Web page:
Puno, Peru

We spent several days exploring Puno, which is a port city on Lago Titicaca. Our first explorations took us to the port area, where there were many small tour boats tied up. From there we followed the Malecon around and back almost to the port. There we spent some time watching workers remove a green plant growth from the surface of the lake. We only noticed the green growth near to Puno and to a much lesser extent around the floating islands and none at all in the open lake.

Another day we visited the Naval museum and the old steamship (now museum) Yavari. The Naval Museum is very small but covers the history of boats on the lake from the indigenous reed boats through wooden Spanish sailing ships and then into the era steam ships. The steamships were carried in pieces, by burro up to the lake and re-assembled there. The first was a US-built combination sail and steam boat. It was followed by Yavari and her sistership in 1870; it took six years to move all the parts from the Pacific coast up to the Lake. These two ships were followed by a series of ever more modern transit vessels but the Yavari continued to transport goods until 1982. Her sister ship is still active today as the Peruvian Navy’s hospital ship.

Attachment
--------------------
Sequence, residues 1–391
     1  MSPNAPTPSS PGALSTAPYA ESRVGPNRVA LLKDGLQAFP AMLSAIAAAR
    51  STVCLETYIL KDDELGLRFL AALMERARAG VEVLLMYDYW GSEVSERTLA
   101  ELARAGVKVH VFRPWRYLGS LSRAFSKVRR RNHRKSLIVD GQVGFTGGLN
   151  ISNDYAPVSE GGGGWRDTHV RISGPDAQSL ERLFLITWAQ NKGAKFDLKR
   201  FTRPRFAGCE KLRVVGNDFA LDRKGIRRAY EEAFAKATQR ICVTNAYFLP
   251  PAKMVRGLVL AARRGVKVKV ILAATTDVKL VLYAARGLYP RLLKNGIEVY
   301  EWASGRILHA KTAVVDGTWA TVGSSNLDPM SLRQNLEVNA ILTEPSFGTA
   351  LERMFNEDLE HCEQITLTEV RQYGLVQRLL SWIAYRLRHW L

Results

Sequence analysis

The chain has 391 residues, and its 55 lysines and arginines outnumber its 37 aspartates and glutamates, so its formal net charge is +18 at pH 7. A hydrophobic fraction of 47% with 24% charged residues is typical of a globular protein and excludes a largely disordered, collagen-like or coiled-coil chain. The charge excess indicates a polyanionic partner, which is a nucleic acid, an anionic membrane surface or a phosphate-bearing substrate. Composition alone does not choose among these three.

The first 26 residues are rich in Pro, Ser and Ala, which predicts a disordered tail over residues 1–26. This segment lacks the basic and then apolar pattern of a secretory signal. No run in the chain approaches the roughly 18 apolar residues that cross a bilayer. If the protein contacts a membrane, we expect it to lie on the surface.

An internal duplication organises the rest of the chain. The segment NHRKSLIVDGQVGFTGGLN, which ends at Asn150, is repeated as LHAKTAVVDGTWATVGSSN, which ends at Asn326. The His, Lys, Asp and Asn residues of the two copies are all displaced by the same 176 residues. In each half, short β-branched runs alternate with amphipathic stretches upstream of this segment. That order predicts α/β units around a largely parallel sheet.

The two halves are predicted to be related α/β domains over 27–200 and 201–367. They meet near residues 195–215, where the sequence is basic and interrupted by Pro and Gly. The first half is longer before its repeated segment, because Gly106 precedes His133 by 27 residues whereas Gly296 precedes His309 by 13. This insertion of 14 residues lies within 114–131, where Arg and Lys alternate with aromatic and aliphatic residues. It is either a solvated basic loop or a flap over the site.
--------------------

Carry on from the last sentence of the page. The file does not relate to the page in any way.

We took a bicycle cab to the Yavari and were given a wonderful tour of the nicely restored ship. It had been left to decay for years before an English women purchased it for scrap cost and began the work of restoration. Today it is in working order again, but no longer is run by steam as it had been converted to diesel during its working years. That old diesel engine has been restored to working order and they take it out onto the lake occasionally. The metal of the hull was found to be in good condition because of the fresh cold water that it had been resting in. The restorers have even managed to recover the compass and other parts from a museum in Lima. As we were leaving we met and visited with the current captain. Check out www.yavari.org